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November 9, 2018

Email Encryption for HIPAA compliance

Recently, we've got an inquiry about how S/Notify Email Encryption for Jira and Confluence could help with HIPAA compliance. This was an interesting question, and I'd like to share our findings with you.

tl;dr – S/Notify Email Encryption for HIPAA compliance

The short answer is: yes, S/Notify enables you to comply with HIPAA when using Jira and Confluence.

For those who want the long answer, let's first clarify a few things about HIPAA.

What is HIPAA?

HIPAA stand for the Health Insurance Portability and Accountability Act. It was enacted in 1996 to set the standard for sensitive patient data protection in the USA. Companies that deal with protected health information (PHI) must have physical, network, and process security measures in place and follow them to ensure HIPAA Compliance. Covered entities (anyone providing treatment, payment, and operations in healthcare) and business associates (anyone who has access to patient information and provides support in treatment, payment, or operations) must meet HIPAA Compliance. Other entities, such as subcontractors and any other related business associates must also be in compliance.

What is HIPAA Compliance?

To help ensure HIPAA compliance, the U.S. government passed a supplemental act, The Health Information Technology for Economic and Clinical Health (HITECH) Act, which raises penalties for health organizations that violate HIPAA Privacy and Security Rules. The HITECH Act was put into place due to the development of health technology and the increased use, storage, and transmission of electronic health information.

The HIPAA required the Secretary of the U.S. Department of Health and Human Services (HHS) to develop regulations protecting the privacy and security of certain health information. To fulfill this requirement, HHS published what are commonly known as the HIPAA Privacy Rule and the HIPAA Security Rule. The Privacy Rule, or Standards for Privacy of Individually Identifiable Health Information, establishes national standards for the protection of certain health information. The Security Standards for the Protection of Electronic Protected Health Information (the Security Rule) establish a national set of security standards for protecting certain health information that is held or transferred in electronic form. The Security Rule operationalizes the protections contained in the Privacy Rule by addressing the technical and non-technical safeguards that organizations called “covered entities” must put in place to secure individuals’ “electronic protected health information” (e-PHI). Within HHS, the Office for Civil Rights (OCR) has responsibility for enforcing the Privacy and Security Rules with voluntary compliance activities and civil money penalties.

Use of Email Encryption

Now, how can Email Encryption help to become HIPAA compliant?

The HIPAA Technical Safeguards published by the US Department of Health and Human Services (see References) cover these areas defined in the HIPAA Security Rules: access control, audit controls, integrity, person or entity authentication, transmission security. According to this document, email encryption is an appropriate solution to to cover § 164.312(e)(1) Transmission Security. Within this area, email encryption is able to cover both, § 164.312(e)(2)(i) Integrity Controls and § 164.312(e)(2)(ii) Encryption.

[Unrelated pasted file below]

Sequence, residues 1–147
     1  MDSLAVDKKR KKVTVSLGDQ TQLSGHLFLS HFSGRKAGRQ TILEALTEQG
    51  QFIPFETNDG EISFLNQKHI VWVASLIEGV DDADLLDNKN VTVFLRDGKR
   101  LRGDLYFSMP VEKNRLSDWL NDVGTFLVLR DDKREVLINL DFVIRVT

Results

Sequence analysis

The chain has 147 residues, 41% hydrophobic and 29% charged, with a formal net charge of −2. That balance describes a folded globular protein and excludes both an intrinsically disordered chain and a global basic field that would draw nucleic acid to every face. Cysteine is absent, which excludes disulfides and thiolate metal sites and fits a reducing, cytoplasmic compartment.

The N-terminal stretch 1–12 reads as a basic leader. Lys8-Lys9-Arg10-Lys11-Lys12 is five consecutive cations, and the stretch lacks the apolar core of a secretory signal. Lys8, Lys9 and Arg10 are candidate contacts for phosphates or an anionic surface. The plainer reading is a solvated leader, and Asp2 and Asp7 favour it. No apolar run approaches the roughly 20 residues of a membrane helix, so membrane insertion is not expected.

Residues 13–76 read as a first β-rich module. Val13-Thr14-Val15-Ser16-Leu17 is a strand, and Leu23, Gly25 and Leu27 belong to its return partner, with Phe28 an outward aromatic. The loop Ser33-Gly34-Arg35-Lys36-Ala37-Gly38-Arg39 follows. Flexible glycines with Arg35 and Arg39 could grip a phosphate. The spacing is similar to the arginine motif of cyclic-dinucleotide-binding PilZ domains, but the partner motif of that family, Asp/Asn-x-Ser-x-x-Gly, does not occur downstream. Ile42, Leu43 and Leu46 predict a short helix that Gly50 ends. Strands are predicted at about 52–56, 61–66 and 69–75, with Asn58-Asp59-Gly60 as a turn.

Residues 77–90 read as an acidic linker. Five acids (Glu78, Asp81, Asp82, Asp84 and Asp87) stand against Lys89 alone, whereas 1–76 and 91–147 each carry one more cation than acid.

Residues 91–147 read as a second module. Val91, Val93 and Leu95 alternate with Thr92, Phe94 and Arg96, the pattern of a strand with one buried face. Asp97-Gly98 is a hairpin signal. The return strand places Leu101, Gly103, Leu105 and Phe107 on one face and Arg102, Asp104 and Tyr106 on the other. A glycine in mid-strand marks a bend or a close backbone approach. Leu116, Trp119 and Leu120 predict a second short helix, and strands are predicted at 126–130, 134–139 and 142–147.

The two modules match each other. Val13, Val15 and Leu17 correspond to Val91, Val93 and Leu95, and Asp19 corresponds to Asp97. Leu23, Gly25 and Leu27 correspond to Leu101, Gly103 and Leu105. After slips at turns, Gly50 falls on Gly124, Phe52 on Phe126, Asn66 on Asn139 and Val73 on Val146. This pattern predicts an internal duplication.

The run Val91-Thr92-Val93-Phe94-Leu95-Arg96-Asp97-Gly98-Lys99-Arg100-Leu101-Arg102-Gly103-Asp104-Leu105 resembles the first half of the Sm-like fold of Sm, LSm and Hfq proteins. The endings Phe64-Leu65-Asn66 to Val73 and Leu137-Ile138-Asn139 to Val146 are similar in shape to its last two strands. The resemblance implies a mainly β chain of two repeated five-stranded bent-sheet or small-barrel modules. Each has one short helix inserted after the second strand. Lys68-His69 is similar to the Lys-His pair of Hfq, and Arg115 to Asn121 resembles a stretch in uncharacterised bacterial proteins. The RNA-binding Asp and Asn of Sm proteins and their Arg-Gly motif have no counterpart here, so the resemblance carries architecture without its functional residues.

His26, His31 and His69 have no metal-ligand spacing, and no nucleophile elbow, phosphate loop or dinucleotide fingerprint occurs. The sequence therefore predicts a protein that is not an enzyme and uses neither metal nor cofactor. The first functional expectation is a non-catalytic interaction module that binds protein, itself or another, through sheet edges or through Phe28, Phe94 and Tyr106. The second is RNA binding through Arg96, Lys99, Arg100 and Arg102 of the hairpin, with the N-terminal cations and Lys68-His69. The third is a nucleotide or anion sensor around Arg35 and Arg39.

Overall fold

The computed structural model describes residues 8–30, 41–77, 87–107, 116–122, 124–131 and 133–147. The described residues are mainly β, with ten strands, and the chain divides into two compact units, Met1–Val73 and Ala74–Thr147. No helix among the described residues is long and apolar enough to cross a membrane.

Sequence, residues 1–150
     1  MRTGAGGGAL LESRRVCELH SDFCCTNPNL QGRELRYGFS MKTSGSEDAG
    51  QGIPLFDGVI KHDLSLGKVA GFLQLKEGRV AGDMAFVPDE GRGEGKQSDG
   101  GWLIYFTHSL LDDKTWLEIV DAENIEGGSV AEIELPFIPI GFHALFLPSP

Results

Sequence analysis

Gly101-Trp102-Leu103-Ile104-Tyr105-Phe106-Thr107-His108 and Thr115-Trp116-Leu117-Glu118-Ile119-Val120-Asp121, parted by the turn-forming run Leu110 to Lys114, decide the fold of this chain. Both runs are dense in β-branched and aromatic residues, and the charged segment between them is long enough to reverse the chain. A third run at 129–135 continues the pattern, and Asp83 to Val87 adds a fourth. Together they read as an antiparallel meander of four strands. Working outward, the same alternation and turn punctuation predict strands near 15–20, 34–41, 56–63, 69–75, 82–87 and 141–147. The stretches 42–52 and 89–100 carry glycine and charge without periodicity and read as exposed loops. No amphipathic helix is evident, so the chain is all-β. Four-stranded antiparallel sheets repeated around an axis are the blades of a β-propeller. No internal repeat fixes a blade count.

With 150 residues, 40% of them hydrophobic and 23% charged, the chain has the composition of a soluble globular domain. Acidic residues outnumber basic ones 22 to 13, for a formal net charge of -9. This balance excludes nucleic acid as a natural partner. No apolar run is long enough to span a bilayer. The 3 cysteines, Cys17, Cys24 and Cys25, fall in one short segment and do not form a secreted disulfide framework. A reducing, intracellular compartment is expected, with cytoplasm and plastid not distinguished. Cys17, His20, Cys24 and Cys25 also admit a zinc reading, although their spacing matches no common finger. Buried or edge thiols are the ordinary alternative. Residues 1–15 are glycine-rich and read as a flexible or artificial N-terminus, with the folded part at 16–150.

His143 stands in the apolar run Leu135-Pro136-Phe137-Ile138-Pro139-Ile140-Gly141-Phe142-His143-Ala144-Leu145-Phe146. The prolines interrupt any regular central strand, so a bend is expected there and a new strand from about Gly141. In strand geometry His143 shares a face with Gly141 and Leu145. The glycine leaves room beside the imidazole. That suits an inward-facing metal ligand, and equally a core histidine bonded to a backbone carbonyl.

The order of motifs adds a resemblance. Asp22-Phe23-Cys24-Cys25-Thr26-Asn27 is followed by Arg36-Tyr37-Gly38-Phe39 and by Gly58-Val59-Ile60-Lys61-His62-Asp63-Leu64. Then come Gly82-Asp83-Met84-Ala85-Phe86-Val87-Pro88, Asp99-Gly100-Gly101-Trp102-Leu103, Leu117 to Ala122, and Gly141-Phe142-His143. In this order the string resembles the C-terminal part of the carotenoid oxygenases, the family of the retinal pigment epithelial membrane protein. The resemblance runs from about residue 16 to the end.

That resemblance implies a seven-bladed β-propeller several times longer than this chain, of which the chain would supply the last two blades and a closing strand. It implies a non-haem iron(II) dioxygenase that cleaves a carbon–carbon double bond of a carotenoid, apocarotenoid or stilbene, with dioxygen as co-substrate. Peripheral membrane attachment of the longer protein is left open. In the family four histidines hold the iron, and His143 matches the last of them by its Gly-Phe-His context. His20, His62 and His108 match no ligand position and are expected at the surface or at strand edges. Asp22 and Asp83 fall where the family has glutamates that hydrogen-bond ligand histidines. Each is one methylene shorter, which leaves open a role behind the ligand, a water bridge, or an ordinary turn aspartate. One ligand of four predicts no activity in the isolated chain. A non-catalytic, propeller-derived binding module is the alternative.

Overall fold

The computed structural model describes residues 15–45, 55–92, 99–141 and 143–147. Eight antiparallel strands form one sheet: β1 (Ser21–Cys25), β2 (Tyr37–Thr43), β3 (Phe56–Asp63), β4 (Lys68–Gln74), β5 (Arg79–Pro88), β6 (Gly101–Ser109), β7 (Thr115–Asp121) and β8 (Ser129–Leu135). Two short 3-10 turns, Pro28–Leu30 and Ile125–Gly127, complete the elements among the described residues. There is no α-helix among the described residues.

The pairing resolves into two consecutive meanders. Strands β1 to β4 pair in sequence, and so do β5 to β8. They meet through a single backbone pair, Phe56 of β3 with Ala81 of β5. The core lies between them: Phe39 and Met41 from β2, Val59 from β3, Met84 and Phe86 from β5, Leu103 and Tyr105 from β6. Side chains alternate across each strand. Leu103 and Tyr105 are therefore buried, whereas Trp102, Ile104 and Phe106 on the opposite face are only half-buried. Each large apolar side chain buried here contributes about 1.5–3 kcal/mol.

Encryption is an important element of HIPAA compliance for email. The method of encryption is not specified in HIPAA, but HIPAA-covered entities can obtain up to date guidance on encryption from the National Institute of Standards and Technology (NIST), which currently recommends the use of Advanced Encryption Standard (AES) 128, 192 or 256-bit encryption in its latest publication SP 800-45 Version 2 (see References). The following is quoted from this publication:


The most significant feature of S/MIME is its built-in and nearly “automatic” nature. Because of heavy industry involvement from manufacturers, S/MIME functionality exists with default installations of common mail clients such as Mozilla and Outlook Express. 

Organizations using S/MIME to protect emails should use AES or 3DES (preferably AES, which is considered a stronger algorithm than 3DES).


Many free and commercial products that use the OpenPGP standard are currently available. The software can be downloaded or purchased from a variety of Web sites.15 Some OpenPGP-based products fully support the cryptographic algorithms recommended to the Federal government by NIST in FIPS PUB 140-2 and other publications, including 3DES and AES for data encryption, Digital Signature Algorithm (DSA)16 and RSA for digital signatures, and SHA for hashing.17 Some implementations of OpenPGP support other encryption schemes not addressed here.

Recommended Cipher Suites

NIST considers AES-128, AES-192, and AES-256 to provide highest security, while 3DES is considered secure and compatible. 

While 3DES is not known to be broken, due to its basic design, with enough computer power, it's considered to be more easily breakable than AES.

S/Notify for HIPAA Compliance with Jira and Confluence

Email encryption is considered an appropriate solution to to cover Transmission Security, and, within this area, is able to cover both, Integrity Controls and Encryption. As a consequence, if you use Jira (including Jira Service Desk) and Confluence to manage any protected health information (PHI), S/Notify is perfect to get you covered with regard to the transmission security of email notifications. S/Notify currently supports S/MIME encryption with AES-256, as recommended by NIST for highest security.

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